Household Packaging

Household Packaging mainly includes cleaners, paper products, office supplies, hardware, home
improvement products, car repair items, lightbulbs, batteries, books and more packaging.
Packaging style will vary according to the product life and character. Commonly using rigid
boxes for powders, liquid products (Washing Powder) & flexible packaging for semi rigid, rigid
products (Cleaning brush). The packaging for these products has evolved significantly over the
years with new technologies and processes that are helping make products more durable,
attractive and sustainable. While reducing package size is still an important factor in design,
there is a greater focus on packaging that offers greater recyclability or reusability.

Many household products were sold in paper or metal containers before
plastic packaging invention. Now computers allow companies to develop creative with design
features to develop what is known as a “family of shapes” for a brand that can be scaled to meet
the product’s fill requirements. Ergonomics also play an important role in making sure the
package is easy to handle and doesn’t add unnecessary stress for the consumer.

Typically, each year, though not a top buying concern, eco-friendlier packaging is seen as the
number one feature consumers look for. However, they do believe brands should do their part in
making their products more enviro responsible. This belief is another motivator for household
companies to make eco-friendly packaging a priority.
Package benefits such as ease of use, low cost and easy storage are main priorities for the
consumer. Easy dispensing and safe use are top attention-getters as well. Think: spray, pod or
capsule.
While flexible packaging may lose some uniqueness as more brands adopt it, flexible pouches
may get the stamp of approval for detergent brands moving to more concentrated formulas.

Three major household care categories – home laundry products, home surface cleaners and
dishwashing products show little growth in the household packaging industry. Due in part to
intense competition, aggressive retail promotion and consumers seeking value, it is up to the
packaging design and the labelling to lift sales by differentiating brands and delivering value.

Shoppers also look for safety warnings and the ingredient list. Product effectiveness or cleaning
power is still the most important feature when deciding what to buy, but what does this say about
our consumer nation? To be in the game, brands should design labels with simple and clear
directions, viewable warnings and ingredients, as well as the subsequent green-friendly claim.
Repackaging – either the whole kit and caboodle or just a label – may be seen as brand-new by
consumers. Just a new or refreshed graphic can make a box, can, bottle or pouch pop.
Highlighting new product claims and value may boost a struggling package as well. Take a look
at just a few products that have been repackaged lately. Vibrant colors, eco-friendly claims and
greater value all seem to work for these brands.
Flexible pouches continue to gain strength in the household packaging market, largely based on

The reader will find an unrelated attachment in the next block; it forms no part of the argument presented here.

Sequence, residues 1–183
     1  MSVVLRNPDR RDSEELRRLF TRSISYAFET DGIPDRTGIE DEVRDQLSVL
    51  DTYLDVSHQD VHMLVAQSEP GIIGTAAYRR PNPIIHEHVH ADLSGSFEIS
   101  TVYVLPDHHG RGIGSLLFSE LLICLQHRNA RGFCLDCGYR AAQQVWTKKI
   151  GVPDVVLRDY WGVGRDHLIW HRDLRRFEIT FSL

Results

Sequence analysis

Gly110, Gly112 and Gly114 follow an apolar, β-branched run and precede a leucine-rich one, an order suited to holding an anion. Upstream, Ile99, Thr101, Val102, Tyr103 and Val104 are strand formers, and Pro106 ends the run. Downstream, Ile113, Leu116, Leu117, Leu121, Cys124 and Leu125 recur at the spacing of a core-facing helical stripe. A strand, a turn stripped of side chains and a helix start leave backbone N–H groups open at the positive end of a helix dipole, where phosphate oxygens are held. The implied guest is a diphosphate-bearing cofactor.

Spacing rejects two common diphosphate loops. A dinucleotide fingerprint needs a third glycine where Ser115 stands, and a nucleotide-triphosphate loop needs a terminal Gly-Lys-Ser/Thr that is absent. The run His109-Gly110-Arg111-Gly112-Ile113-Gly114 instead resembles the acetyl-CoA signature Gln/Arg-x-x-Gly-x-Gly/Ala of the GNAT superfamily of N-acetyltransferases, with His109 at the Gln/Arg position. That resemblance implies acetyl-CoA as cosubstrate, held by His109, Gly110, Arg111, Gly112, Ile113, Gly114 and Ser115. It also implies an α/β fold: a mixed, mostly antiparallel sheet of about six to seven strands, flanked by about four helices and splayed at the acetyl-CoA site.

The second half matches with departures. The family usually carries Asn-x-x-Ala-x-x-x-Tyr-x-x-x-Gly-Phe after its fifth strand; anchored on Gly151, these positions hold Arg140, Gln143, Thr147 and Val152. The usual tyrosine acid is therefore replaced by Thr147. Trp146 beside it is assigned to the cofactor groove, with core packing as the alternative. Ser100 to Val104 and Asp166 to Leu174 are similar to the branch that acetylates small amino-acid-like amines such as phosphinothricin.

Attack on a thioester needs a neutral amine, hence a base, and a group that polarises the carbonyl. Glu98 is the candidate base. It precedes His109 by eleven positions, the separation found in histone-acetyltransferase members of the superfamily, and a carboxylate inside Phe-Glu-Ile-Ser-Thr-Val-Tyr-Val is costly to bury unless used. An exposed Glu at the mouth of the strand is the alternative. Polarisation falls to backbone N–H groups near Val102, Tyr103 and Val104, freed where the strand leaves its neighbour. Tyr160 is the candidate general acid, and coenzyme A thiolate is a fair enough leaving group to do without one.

the unit-dose dishwashing and laundry detergents. Bottles remain in the top two-thirds of sales,
but of the remaining options, the flexible stand-up pouch wins. Scent-boosters and refills also
claim the pouch as their package choice.
Hex, a specialty laundry brand designed for sports apparel, is among the first to use flexible
pouches for liquid laundry detergent. The brand claims a smaller footprint than a regular bottle,
that it doesn’t leak, and that the bag provides a unique form factor for a detergent that’s different.
This is evident on the labelling. The spigot allows for quick pouring. Just remove foil seal and
tear off tab. Typically, each year, though not a top buying concern, eco-friendlier packaging is seen as the
number one feature consumers look for. However, they do believe brands should do their part in
making their products more enviro responsible. This belief is another motivator for household
companies to make eco-friendly packaging a priority.
Package benefits such as ease of use, low cost and easy storage are main priorities for the
consumer. Easy dispensing and safe use are top attention-getters as well. Think: spray, pod or
capsule.
Bigger households (three or more persons) also buy more than smaller households and are more
likely to pay more for value-added features. These include child-safe packaging, functionality
and a spill-proof dispenser.
Who’s who. Though admitting they do not recycle, urbanites are more likely to be interested in
learning about how to dispose of packaging in a more environmentally responsible way.
Consider a green program targeted to rural consumers.
Hispanic shoppers may be a high-potential market for concentrates and refills. Mintel’s study
suggests compact size, the ability to be refilled and eco-friendly packaging are important factors
when faced with a purchasing decision.

Today’s households are anything but traditional. Changing income structures, busier lives, adult
children living at home, and many economic factors have changed the way people work and
live. This has also changed how people interact with the products and packaging that help them
live. Convenience is key, but consumer needs don’t stop there. Eco-friendly products are in
demand as are all things new, innovative and unique. Consumers want to live well, live
affordable, live consciously and live innovatively. Household products are answering those
demands with entirely unique solutions to traditional products and packaging.

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